Risk of PTSD after ICU

ICU-related PTSD
According to a new, multicentre study, 1 in 10 patients is at risk of having new post-traumatic stress disorder (PTSD) related to their ICU experience up to a year post-discharge. The research, published in the American Journal of Respiratory and Critical Care Medicine, is the first to investigate ICU-related PTSD in a mixed veteran and civilian cohort.

PTSD can occur in patients after the traumatising events of critical illness, and this study provides estimates on new cases of PTSD stemming specifically from the ICU experience. Pre-existing PTSD (ie, PTSD before hospitalisation) has rarely been systematically assessed in prior cohorts, and this study took extra effort to distinguish pre-existing PTSD from new PTSD cases.

Mayur Patel, MD, MPH, FACS, assistant professor at Vanderbilt University Medical Center and surgical intensivist at the Nashville VA Medical Center, and colleagues analysed data from ICU survivors enrolled in studies from three Veterans Affairs hospitals (MIND-ICU Study, NCT00400062) and one civilian hospital (BRAIN-ICU Study, NCT00392795). Using the PTSD Checklist for the DSM-IV to determine PTSD for this study, a total of 181 patients were assessed at three months and 160 were further assessed at 12 months.

Results showed that the cumulative incidence of PTSD was 6 to 12 percent within one year following hospitalisation. "Although lower than prior research and public perception suggests, the rate of ICU-related PTSD is very comparable to the 8 percent PTSD rates seen in current and former service members deployed to the recent Iraq and Afghanistan conflicts," Dr. Patel points out. "It is important to understand more about PTSD following the traumatising events of a critical illness so we can better support the growing number of ICU survivors."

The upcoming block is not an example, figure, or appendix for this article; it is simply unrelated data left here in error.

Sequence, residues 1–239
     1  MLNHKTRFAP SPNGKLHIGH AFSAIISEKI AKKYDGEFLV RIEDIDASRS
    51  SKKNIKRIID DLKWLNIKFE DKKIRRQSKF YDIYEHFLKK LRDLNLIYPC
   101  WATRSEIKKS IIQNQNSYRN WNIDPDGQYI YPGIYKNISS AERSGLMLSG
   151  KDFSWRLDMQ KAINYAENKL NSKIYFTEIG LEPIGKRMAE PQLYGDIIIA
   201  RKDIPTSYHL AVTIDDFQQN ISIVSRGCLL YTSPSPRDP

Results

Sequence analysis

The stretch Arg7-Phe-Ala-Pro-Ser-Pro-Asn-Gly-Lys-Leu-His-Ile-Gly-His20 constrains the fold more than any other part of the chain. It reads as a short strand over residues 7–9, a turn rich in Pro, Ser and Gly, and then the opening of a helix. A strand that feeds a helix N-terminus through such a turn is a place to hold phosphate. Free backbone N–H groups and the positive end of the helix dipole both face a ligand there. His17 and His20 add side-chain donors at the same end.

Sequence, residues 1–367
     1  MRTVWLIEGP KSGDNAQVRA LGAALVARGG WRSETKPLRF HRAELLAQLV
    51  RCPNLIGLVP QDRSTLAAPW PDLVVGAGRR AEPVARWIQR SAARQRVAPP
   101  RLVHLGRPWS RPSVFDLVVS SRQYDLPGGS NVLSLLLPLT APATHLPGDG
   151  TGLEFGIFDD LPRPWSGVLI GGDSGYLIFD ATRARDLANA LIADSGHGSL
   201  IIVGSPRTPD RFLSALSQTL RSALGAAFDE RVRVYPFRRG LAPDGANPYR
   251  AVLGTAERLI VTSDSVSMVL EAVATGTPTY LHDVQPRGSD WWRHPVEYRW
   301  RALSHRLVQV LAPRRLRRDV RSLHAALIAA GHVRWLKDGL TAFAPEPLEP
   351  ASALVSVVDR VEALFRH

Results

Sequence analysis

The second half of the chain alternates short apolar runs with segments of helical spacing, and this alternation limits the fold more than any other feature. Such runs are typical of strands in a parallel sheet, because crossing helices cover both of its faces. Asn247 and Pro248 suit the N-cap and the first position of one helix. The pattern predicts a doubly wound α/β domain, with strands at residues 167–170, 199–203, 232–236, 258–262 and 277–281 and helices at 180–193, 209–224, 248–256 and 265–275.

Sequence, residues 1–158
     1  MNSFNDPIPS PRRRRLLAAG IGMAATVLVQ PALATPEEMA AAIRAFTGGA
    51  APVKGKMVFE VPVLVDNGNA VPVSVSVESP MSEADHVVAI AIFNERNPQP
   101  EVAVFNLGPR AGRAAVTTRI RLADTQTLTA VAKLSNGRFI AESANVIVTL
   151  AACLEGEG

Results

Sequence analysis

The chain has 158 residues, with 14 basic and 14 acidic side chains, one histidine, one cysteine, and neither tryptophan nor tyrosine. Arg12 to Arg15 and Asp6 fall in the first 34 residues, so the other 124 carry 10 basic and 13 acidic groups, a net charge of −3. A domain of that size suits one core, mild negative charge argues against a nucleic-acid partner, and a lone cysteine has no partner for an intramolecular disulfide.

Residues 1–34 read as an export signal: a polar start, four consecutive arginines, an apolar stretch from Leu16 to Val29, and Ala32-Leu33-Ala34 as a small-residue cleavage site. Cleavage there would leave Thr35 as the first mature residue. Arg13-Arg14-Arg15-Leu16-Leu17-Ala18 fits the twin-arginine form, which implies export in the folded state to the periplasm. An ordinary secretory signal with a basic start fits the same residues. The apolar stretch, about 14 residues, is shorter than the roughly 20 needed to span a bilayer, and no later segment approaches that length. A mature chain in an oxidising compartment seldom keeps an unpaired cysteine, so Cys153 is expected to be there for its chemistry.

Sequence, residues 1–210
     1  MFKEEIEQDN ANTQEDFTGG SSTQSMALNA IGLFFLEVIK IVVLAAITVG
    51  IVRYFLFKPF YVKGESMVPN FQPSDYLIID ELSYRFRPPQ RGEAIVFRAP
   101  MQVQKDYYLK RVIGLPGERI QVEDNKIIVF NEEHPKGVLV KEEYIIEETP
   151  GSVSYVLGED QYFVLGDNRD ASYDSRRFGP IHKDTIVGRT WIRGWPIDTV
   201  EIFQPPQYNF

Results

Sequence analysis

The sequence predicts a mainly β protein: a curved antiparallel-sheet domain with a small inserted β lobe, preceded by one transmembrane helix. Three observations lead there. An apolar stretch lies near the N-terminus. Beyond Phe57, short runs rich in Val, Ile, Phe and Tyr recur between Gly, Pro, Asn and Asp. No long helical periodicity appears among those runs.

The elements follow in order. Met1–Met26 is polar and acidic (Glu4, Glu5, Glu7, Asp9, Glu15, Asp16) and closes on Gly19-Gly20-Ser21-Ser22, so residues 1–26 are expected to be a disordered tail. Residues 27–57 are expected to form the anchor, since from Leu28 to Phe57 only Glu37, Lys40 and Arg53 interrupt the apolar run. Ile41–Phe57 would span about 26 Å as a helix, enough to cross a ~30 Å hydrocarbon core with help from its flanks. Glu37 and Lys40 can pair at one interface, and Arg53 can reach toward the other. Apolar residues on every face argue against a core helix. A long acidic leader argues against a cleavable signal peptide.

Assessing risk factors for ICU-related PTSD, Dr. Patel's team found that pre-existing PTSD as well as prior depression were strong risk factors associated with ICU-related PTSD at three and 12 months after hospitalisation. Being a veteran did not increase risk of ICU-related PTSD, nor did duration of delirium, amount of pain medication, or amount of sedative.

"Currently, the international psychological aftercare for ICU survivors is not organised proactively; rather, it is largely reactive in response to disabling reports from survivors, caregivers, and primary care providers," the authors write. "The Institute of Medicine in the United States has recommended a systematic collection, analysis, and dissemination of data assessing the quality of post-conflict PTSD care in the military and veteran populations. We suggest that the same should apply to the large civilian and veteran populations of critically ill survivors."

Source: American Thoracic Society
Image credit: Flickr.com

References:

Patel MB et al. (2016) Incidence and Risk Factors for ICU-related Posttraumatic Stress Disorder in Veterans and Civilians. Am J Respir Crit Care Med. Published online 06 Jan 2016, DOI: 10.1164/rccm.201506-1158OC

Published on : Fri, 15 Jan 2016


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healthmanagement, depression, stress, critical illness, PTSD, risk factors, veterans According to a new, multicentre study, 1 in 10 patients is at risk of having new post-traumatic stress disorder (PTSD) related to their ICU experience up to a year post-discharge. The research is the first to investigate ICU-related PTSD in a mixed vetera

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